This short Norwegian thriller focuses on an antihero (in this case a sympathetic one) involved with a brutal Oslo crime lord known as the Fisherman. The story unfolds from the perspective of Jon, who uses his reputation as a killer to gain a high-paying job as assassin for the Fisherman in order to pay for medication for his leukemia-stricken daughter. When Jon is morally unable to fulfill an assigned contract, he's forced to flee the Fisherman's wrath-and Oslo-for a map speck above the Arctic Circle populated by a strict religious sect. There he begins a new life, making friends and enemies, and falling in love with a young widow, while never forgetting that, eventually, he'll have to deal with the Fisherman. Singer-songwriter Gordon, cofounder of the alt rock band Sonic Youth, reads for the audio edition of this male-narrated novel. Gordon's voice, though smoky and properly dramatic when necessary, is clearly feminine. While this may serve the author's prose well enough in general, the gender contrast has a tendency to undermine some of the novel's more violent and more intimate passages. A Knopf hardcover. (Feb.) © Copyright PWxyz, LLC. All rights reserved.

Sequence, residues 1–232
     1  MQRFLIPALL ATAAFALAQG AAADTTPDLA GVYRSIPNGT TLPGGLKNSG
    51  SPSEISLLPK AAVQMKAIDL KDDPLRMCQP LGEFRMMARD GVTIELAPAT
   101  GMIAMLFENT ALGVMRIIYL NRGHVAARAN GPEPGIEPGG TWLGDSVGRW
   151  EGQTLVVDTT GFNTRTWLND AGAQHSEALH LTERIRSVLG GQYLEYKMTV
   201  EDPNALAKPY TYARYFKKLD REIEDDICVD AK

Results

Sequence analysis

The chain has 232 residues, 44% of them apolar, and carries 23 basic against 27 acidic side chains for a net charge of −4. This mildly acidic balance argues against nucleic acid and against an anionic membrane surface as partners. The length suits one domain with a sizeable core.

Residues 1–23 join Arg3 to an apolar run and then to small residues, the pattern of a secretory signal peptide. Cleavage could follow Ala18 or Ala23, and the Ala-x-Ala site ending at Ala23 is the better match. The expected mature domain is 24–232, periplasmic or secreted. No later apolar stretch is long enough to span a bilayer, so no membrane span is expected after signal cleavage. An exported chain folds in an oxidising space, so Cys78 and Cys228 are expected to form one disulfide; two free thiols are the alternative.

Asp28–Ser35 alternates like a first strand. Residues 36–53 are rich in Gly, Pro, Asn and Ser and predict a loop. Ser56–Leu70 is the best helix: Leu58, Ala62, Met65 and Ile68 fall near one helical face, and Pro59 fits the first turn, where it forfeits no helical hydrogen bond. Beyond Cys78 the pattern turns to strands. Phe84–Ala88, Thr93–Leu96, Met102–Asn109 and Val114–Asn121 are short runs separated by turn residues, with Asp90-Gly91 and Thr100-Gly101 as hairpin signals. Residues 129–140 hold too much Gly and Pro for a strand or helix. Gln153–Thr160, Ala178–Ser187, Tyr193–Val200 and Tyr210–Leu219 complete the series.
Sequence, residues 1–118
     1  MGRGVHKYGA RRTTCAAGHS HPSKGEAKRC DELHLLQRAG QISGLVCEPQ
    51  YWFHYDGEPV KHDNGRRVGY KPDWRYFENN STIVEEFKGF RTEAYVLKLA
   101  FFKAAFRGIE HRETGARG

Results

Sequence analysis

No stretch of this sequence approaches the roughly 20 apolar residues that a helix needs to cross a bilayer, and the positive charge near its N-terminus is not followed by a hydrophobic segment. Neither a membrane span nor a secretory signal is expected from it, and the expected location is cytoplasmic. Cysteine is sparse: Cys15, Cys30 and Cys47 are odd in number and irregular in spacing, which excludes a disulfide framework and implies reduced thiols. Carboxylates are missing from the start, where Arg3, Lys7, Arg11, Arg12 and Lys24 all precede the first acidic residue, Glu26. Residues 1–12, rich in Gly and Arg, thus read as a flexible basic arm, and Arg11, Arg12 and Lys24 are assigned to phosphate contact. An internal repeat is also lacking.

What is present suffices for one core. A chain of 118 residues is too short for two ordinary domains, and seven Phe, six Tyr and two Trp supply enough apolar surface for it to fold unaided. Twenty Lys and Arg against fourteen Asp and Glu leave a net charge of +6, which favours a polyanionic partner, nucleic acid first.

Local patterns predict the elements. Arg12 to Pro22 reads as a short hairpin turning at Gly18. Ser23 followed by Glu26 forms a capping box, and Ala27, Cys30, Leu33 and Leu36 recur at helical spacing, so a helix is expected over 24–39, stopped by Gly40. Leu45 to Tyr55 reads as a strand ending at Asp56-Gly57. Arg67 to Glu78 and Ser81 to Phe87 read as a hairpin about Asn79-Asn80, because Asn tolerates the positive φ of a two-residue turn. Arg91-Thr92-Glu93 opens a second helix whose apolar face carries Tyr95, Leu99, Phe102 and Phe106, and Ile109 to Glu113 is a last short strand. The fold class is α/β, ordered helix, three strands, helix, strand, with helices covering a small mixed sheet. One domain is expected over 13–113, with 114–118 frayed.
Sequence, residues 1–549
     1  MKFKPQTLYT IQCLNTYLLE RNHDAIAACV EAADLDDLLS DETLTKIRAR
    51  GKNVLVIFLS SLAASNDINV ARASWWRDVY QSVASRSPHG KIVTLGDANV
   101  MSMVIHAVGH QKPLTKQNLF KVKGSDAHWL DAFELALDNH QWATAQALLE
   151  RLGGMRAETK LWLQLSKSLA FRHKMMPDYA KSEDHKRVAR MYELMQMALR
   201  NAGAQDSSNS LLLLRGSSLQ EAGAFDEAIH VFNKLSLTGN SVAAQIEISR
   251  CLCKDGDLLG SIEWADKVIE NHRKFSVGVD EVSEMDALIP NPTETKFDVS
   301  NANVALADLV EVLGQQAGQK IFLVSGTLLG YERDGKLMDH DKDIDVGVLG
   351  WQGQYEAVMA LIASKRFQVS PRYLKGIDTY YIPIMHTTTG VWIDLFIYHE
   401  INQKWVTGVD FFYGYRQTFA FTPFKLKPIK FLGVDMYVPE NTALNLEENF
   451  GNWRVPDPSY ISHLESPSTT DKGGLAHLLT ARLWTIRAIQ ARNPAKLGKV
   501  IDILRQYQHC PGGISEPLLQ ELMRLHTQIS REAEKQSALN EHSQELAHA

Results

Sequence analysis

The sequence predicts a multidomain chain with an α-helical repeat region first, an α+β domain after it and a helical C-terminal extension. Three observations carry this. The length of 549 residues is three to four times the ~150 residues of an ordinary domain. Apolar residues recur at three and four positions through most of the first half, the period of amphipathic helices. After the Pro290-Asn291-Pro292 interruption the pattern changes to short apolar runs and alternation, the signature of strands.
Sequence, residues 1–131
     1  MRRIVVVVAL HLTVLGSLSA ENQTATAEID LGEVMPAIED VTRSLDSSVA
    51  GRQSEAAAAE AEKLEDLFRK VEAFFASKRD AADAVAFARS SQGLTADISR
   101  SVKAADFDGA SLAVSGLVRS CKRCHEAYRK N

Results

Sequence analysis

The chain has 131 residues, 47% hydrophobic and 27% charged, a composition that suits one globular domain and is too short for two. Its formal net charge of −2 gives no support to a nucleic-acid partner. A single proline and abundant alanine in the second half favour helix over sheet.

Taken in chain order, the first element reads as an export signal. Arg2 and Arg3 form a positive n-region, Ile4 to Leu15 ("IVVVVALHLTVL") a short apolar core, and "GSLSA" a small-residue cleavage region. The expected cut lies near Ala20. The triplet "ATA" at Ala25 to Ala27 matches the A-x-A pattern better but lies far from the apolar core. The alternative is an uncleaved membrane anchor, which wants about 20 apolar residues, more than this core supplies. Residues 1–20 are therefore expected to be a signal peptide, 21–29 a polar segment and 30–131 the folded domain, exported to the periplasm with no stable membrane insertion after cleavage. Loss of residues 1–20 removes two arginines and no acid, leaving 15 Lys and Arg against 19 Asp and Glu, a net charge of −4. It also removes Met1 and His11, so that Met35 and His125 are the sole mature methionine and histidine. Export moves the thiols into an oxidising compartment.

Library Journal Review

Nesbo quickly follows up his stand-alone novel Blood on Snow with a second short book in this new series. Jon is on the run from his boss, a powerful crime lord called the Fisherman, not only because he faked killing a man who stole from the Fisherman but also, albeit for an altruistic purpose, he took the money the supposed dead man had stolen. Now calling himself Ulf, Jon flees north to Norway's isolated and underpopulated Arctic Circle, where time seems to have stopped. Desperate for a place to hide, he accepts help from the quirky citizens, first from a nine-year-old boy and his mother, then a local shopkeeper. In perpetual fear of being caught by the Fisherman's henchmen, Ulf soon worries about the lives of those who are aiding him. VERDICT Nesbo delivers a tale of hope and redemption in this brief story of a man who blunders into a life of crime and then tries to extricate himself with a minimum of damage to those around him. Although this is unlike the author's gritty "Harry Hole" stories, it is wholeheartedly recommended for Nesbo fans and readers who enjoy strong character development. [See Prepub Alert, 8/17/15.]-Deb West, -Gannon Univ. Lib., Erie, PA © Copyright 2016. Library Journals LLC, a wholly owned subsidiary of Media Source, Inc. No redistribution permitted.